Mr Pronk was expelled from Sudan after government anger at comments he made on his personal website. The government accused him of “psychological warfare” after he wrote that government forces had suffered two defeats in Darfur and that it had broken Security Council resolutions.
Jan’s blog, which caused the furore, is, according to the BBC “startlingly detailed, the kind of information that is normally sent back, encoded, only to national capitals.”
I suspect that this incident may result in the development of blogging policies for diplomats and high officials in the UN, with interesting consequences for the future of diplomacy in an increasingly networked world. This also raises the question – are there professions, such as peace negotiators / mediators – who cannot / should not blog about their work? Or should they blog anonymously, using blogs as a vent for their pent up frustrations with lack of progress?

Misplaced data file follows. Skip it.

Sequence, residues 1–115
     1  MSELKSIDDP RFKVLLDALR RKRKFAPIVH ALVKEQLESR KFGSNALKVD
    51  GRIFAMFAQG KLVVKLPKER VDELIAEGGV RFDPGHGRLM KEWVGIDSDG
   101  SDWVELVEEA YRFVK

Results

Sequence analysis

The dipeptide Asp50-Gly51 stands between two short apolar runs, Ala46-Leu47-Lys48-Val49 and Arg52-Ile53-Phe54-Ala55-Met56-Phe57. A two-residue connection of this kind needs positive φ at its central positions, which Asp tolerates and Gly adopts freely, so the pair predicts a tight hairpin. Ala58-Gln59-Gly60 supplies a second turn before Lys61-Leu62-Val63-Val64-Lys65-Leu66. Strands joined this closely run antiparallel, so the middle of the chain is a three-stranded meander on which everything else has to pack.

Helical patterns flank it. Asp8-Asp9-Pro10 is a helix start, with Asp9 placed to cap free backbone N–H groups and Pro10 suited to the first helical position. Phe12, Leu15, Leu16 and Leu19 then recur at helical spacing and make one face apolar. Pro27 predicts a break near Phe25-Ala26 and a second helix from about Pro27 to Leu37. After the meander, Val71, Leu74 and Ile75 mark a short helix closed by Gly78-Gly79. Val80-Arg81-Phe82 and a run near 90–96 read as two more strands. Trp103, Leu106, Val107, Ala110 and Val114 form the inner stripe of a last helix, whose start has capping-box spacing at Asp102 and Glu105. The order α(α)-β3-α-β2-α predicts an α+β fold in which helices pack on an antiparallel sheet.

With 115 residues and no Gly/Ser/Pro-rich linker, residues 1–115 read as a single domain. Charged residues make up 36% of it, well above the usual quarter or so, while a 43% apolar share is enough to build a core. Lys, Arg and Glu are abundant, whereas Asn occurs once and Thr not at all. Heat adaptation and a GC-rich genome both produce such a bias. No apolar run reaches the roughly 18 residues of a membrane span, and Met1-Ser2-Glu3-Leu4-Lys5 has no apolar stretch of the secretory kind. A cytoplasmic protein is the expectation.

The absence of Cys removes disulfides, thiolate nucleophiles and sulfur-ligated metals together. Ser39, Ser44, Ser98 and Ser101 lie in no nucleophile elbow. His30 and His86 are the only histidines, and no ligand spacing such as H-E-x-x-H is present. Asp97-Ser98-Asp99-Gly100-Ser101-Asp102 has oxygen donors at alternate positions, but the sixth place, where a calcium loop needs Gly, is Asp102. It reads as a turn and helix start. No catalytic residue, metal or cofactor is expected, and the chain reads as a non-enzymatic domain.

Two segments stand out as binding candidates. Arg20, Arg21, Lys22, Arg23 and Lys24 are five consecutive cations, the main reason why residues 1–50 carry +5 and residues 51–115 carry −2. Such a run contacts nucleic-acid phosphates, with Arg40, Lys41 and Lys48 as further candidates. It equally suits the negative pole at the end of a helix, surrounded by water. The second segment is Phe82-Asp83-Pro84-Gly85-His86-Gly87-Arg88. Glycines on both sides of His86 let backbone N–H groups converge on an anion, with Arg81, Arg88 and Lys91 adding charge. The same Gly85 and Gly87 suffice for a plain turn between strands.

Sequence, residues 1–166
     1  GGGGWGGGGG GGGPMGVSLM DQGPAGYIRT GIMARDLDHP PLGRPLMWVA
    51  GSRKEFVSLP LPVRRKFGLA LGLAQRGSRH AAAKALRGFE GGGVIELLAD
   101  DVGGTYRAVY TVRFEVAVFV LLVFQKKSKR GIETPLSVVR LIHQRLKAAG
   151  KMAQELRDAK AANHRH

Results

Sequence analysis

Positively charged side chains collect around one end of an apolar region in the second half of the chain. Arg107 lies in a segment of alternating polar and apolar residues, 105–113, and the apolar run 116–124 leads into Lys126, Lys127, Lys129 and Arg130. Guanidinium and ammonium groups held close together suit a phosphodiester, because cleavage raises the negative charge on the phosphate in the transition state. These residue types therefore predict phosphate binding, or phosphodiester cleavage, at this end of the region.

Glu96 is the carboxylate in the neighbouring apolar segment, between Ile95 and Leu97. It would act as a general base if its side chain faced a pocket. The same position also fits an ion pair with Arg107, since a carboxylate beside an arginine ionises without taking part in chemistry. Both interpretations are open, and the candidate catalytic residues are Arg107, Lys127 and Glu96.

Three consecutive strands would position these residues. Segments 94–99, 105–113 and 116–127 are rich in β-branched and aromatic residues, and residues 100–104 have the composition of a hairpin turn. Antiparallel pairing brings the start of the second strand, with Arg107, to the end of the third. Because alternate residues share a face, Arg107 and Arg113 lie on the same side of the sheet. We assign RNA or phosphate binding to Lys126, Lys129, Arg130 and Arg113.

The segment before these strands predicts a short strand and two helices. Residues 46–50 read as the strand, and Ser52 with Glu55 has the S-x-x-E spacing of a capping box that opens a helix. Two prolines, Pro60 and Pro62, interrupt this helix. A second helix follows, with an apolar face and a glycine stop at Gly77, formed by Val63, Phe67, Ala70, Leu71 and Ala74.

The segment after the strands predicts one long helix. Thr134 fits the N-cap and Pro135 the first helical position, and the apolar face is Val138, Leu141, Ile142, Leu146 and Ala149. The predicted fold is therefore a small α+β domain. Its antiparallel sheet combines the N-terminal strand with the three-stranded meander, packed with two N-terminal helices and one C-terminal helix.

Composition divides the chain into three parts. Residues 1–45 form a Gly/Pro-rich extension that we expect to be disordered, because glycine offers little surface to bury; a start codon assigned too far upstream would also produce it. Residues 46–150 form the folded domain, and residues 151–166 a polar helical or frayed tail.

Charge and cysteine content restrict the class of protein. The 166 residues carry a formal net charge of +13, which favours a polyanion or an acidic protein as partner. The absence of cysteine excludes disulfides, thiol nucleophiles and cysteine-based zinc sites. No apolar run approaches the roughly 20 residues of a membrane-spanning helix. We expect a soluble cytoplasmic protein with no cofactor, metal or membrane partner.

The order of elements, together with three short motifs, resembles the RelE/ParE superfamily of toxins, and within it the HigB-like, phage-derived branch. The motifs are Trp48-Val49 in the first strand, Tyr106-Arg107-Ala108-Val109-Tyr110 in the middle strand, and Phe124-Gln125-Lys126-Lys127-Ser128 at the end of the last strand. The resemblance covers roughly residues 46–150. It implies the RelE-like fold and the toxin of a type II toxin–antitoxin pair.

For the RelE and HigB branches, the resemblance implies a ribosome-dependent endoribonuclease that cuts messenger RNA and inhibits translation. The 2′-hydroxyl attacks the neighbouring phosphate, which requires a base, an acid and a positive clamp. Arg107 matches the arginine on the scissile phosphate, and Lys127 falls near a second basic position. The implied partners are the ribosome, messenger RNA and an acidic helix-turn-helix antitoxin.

Coincidentally, PCR Blog has an interesting post today on blogs, where it is noted that Mahmoud Ahmadinejad, the president of Iran, has started his own blog. The questions the posts ends with are worth pondering:
1) What do you think about Ahmadinejad’s blog? What is his audience?
2) Do you think it is advisable for world leaders to publish their own blogs?
3) Is this the emergence of a global civic culture?
4) What do you think of blogs as a form of public diplomacy?
5) Are you tired of bloggers discussing blogs?